What is PCOS?
Polycystic Ovary Syndrome often referred to as PCOS, is the leading cause of infertility in women. It affects many teen girls and is the most common hormonal disorder among women of reproductive age. Every woman with PCOS may be affected differently. To prevent PCOS or to avoid the condition from becoming worse, every woman should be well aware of PCOS.
The ovaries may develop numerous small collections of fluid (follicles) and fail to regularly release eggs.
The condition was named after finding enlarged ovaries containing numerous small cysts (polycystic ovaries). The ovaries may develop a large number of small collections of fluid (follicles) and fail to release eggs regularly.
Although the majority of women with polycystic ovarian syndrome have polycystic ovaries, some do not. PCOS is also known as Stein-Leventhal syndrome and Polycystic Ovarian Disease.
PCOS is a common endocrine system disorder among women of reproductive age. In simple terms, it is a common hormonal disorder seen in a woman in which the levels of sex hormones estrogen and progesterone are out of balance. This leads to the growth of ovarian cysts and affects women’s menstrual cycle, fertility, cardiac function, and appearance.
Women with infrequent or prolonged menstrual periods, excess facial and body hair, acne, and obesity may raise suspicion for the condition. Polycystic means “many cysts”. As hormonal imbalance leads to the growth of cysts on the ovaries, the condition is named “Polycystic Ovary Syndrome”.
Pathophysiology of PCOS
Large numbers of small, cyst-like ovarian follicles are resistant to normal growth signals and therefore are unable to release eggs. Luteinizing hormone (LH), androgen, and insulin levels may be elevated and can correlate with acne, excess hair growth, abnormal blood sugar metabolism, or diabetes.
What Causes PCOS?
Though the exact cause of PCOS is not known, doctors believe that hormonal imbalances and genetics play an important role. PCOS runs in families, so women are at higher risk if other women in their family have it or have irregular periods or diabetes. It can be passed to women either from their mother’s or father’s side.
- It has been demonstrated that the ovaries of women with PCOS may produce excessive amounts of male hormones, or androgens, causing disruptions in the menstrual cycle and impaired fertility.
- Insulin resistance or an impaired utilization of insulin is likely related to PCOS.
- The presence of small cysts in the ovaries are not specific to PCOS, as women without PCOS may have ovarian cysts. As a result, cysts are unlikely to be the cause of PCOS symptoms.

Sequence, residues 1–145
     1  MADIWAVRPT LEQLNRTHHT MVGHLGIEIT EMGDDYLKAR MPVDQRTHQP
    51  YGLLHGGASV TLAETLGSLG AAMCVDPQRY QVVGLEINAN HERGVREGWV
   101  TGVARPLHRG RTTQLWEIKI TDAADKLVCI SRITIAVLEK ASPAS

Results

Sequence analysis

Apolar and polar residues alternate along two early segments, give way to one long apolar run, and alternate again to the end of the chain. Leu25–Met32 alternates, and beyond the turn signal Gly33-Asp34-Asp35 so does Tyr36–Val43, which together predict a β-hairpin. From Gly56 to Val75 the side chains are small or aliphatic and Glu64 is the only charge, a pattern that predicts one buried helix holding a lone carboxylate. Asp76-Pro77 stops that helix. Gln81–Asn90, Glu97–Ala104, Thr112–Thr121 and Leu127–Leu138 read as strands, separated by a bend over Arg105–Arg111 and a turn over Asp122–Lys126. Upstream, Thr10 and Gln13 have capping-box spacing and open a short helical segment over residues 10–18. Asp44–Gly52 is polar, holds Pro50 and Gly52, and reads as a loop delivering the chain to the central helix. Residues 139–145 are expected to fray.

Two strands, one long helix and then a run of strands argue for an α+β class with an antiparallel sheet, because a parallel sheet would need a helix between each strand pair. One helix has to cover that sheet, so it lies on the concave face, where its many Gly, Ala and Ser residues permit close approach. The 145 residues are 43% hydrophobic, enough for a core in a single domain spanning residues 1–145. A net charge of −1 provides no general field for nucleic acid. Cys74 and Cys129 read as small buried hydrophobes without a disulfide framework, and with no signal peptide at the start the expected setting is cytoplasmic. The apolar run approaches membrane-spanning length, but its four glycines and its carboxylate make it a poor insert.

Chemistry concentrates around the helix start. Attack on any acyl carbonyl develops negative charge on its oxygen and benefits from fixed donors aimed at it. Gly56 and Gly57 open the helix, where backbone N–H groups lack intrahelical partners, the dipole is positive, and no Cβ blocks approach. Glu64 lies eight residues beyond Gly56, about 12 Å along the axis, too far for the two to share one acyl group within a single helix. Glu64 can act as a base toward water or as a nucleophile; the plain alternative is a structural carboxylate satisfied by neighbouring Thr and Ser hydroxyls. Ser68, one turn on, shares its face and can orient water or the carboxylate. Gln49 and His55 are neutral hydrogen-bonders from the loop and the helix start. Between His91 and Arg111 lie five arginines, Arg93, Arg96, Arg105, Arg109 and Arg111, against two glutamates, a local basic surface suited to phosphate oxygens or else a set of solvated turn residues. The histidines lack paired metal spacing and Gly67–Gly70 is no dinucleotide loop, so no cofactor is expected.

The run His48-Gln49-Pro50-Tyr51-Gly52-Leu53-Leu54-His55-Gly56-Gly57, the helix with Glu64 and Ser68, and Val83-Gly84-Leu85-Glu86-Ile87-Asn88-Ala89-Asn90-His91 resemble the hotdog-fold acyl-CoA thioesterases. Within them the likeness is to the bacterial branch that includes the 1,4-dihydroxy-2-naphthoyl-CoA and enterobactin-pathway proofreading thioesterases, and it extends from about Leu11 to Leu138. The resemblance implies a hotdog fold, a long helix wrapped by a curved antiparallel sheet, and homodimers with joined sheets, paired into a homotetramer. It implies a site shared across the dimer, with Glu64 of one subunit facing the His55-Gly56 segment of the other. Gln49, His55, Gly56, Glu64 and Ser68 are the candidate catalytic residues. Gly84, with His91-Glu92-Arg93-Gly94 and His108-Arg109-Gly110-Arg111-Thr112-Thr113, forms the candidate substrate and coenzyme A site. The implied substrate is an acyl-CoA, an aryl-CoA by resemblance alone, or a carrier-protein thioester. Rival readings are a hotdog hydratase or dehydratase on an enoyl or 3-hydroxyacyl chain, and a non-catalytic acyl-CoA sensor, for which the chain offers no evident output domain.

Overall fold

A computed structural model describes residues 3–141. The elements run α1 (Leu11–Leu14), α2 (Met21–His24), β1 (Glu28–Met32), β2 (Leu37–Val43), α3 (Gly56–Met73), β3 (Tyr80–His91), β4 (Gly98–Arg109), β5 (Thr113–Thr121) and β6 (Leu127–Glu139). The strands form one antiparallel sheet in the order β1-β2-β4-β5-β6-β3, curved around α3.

What are the Symptoms of PCOS?
The signs and symptoms of PCOS often begin soon after a woman begins to get her first menstrual cycle. In some cases, it develops later during the reproductive years, in response to weight gain and other medical conditions. Though the type and severity of symptoms vary from woman to woman, the most common characteristic of PCOS is irregular menstrual periods. But the other symptoms include:
PCOS signs and symptoms frequently appear shortly after a woman begins her first menstrual cycle. Sometimes, it appears later in life during the reproductive years as a result of weight gain or other medical conditions. Though the type and severity of symptoms may vary from woman to woman, irregular menstrual periods are the most common feature of PCOS. But the other symptoms include:
- Acne: Excess androgens can also lead to acne and male pattern balding.
- Obesity-PCOS is also associated with insulin resistance, weight gain, and obesity. According to reports, approximately one-half of women with PCOS are obese. Insulin resistance, accompanied by elevated blood insulin levels, occurs in the majority of women with PCOS, regardless of obesity. PCOS is associated with risk of developing type 2 diabetes in women.
- Pelvic pain
- Infertility-Menstrual cycles may be normal at first and then become irregular. The menstrual irregularities in PCOS women are accompanied by a lack of ovulation, and the women may experience infertility.
- Hair loss
- Excessive hair on the face and body: In PCOS, an increase in androgen (male hormone) production by the ovaries may result in excess hair growth in areas resembling a male pattern, a condition known as hirsutism. Thick hair growth occurs on the upper lip, chin, around the nipples, and on the lower abdomen.
- Decrease in breast size
- Absence or reduction in ovulation
- Uterine bleeding: Women suffering from PCOS have lower levels of the hormone progesterone (normally produced in the second half of the menstrual cycle). This can stimulate the growth of the endometrium (uterine lining tissues), resulting in dysfunctional uterine bleeding and breakthrough bleeding. Increased endometrial stimulation in the absence of progesterone production is a risk factor for the development of endometrial hyperplasia and uterine cancer.
- Gestational diabetes or pregnancy-induced high blood pressure
- Miscarriage or premature birth